Our Values – Dental Care
The mouth and teeth are critical components to a dog and cat’s quality of life. Unfortunately, it is also one of the most overlooked. It is our view that dogs and cats live so much of their lives through the mouth and nose – sniffing, tasting, licking, chewing and eating making the mouth a focal point for their interaction with the world and us.

If your dog or cat has bad breath, it is most likely due to the formation of tartar and the smell of bacteria growing in their mouth. If left untreated, this can progress to significant periodontal disease. Dogs and cats are very stoic and will often suffer with chronic oral pain without showing any outward signs or symptoms.

Many pet owners assume that their pet’s mouth is not painful because they continue to eat. Most people have had issues with their teeth at some point in time during their life, and although this can be painful, we continue to eat. The drive of hunger and need for nourishment overcomes most chronic mouth pain. This means that using food intake as a barometer for oral health and lack of pain is not adequate.

In addition, many pet owners feed their pets dental treats like “greenies” or other brands marketed at treating dental disease. Although these treats are not harmful, they are not a substitute for appropriate dental care. These treats often rely on mechanical friction to break off large chunks of tartar or calculus. The equivalent strategy would be feeding our human children hard cookies daily instead of having them brush their teeth. If your pet already has tartar, it is not only on the surface of the teeth it is also under the gum line. The goal with dental care is to prevent the buildup of the tartar to help avoid progression of periodontal disease.

Dogs and cats went from living out in the farm yard, to living in the kitchen, to sharing our living room, to sleeping in our bedroom, to sleeping in our bed. Today we are much more closely connected with our pets and taking care of their teeth is just as important as annual exams and vaccinations. Additionally, because of great advancements in veterinary medicine pets are living longer! Meaning untreated oral disease may become a major factor for a pet at the end of their life.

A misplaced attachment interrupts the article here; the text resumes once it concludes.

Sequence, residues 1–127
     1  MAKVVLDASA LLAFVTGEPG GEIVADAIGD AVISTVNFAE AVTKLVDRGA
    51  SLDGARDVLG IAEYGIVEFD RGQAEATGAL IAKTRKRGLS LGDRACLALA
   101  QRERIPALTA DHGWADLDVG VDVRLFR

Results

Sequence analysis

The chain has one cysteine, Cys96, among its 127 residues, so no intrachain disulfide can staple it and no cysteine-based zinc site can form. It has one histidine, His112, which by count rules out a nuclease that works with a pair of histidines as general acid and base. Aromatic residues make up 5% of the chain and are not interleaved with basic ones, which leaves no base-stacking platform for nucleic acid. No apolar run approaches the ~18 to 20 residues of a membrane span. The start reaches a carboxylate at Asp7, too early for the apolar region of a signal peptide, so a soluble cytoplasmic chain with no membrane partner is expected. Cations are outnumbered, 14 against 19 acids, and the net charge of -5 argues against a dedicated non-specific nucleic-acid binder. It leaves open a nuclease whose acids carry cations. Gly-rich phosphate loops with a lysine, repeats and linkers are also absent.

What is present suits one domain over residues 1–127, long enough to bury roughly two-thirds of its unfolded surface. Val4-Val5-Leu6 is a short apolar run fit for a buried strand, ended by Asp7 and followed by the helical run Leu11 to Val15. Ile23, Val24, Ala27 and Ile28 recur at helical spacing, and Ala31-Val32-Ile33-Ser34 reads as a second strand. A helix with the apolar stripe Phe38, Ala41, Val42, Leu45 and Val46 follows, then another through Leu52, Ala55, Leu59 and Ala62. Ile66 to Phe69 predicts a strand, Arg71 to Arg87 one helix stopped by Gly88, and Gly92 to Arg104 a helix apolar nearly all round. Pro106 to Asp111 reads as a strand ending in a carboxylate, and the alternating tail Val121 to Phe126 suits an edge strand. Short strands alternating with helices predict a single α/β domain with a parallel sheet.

Specialized Training
At Willow Pet Hospital our doctors have hundreds of hours of training in dental care. We are proud to be among the most well trained and educated doctors in southern Minnesota with regards to oral diagnosis and treatment. Our technicians have also received specialized training providing the best care with regards to dental scaling and polishing, assisting in the oral exam and charting and performing high quality dental radiographs (x-rays).

Extractions by Professionals
Extraction of teeth is considered oral surgery by the American Veterinary Medical Association (AVMA), Foundation for Veterinary Dentistry (FVD) and the State of Minnesota Board of Veterinary Medicine. At Willow Pet Hospital extractions are only performed by a trained licensed veterinarian.

Dental X-rays a Must not an Option
At Willow Pet Hospital full mouth x-rays are performed on all dental patients to look for hidden disease under the gum line. If extraction of a tooth is needed, these x-rays allow us to evaluate the tooth and its surrounding structures to determine if there are potential complications, this includes oral-nasal fistulas (abscessed teeth that create a hole into the nasal cavity), dentigerous cysts (invading space occupying cysts that are due to unerupted teeth) and jawbone integrity (a fracture can occur during an extraction due to the bone loss caused by severe periodontal disease around the tooth). These complications need to be known before proceeding with extractions so we can provide the appropriate treatment.
Post-extraction x-rays are also critical to make sure no root fragments of the tooth are left behind.

Periodontal Disease Not Cavities
At Willow Pet Hospital every dental package includes full mouth digital dental x-rays. About 60% of dogs and 50% of cats do not have changes to the gums or crowns of the teeth but do have significant disease under the gum line. This disease can only be discovered through dental x-rays. Additionally, unlike humans whose primary dental disease is cavities or carries. Dogs and cats primarily develop significant periodontal disease or disease that involves the structures that hold the teeth in place. This disease is not always visible on the surface and is revealed with dental x-rays.

Teeth – The Bottom Line
Routine dental care is not just about making your pets mouth look and smell good, it is an important tool to eliminate oral disease and pain and providing your pet a healthy mouth.

Discolored Teeth
If you notice a pink, purple, blue or gray colored tooth in your pet’s mouth, this is a sign of disease within the tooth pulp cavity called pulpitis. This occurs when blood supply to the tooth is temporarily or permanently disrupted to the pulp of the tooth. The most common cause is trauma which leads to subluxation (partial movement out of the socket) or luxation (full movement out of the socket or even avulsion (complete movement out of the socket and then returned to position). Other, less common causes, include a blood-borne infection affecting the root tip of the tooth.

Sometimes this decolorization is reversible with treatment. If a bacterial infection combines with the blood components being broken down inside the tooth, the tooth will turn dark gay or blue. At first these teeth are very painful but over time it may diminish to a dull chronic pain.

Discolored teeth should not be ignored. These teeth should be evaluated with dental x-rays. About 50% of non-vital teeth show changes on x-rays. Additionally, these teeth should not be left untreated because of their ability to cause chronic pain. There are two options for treating irreversible pulpitis – root canal and extraction.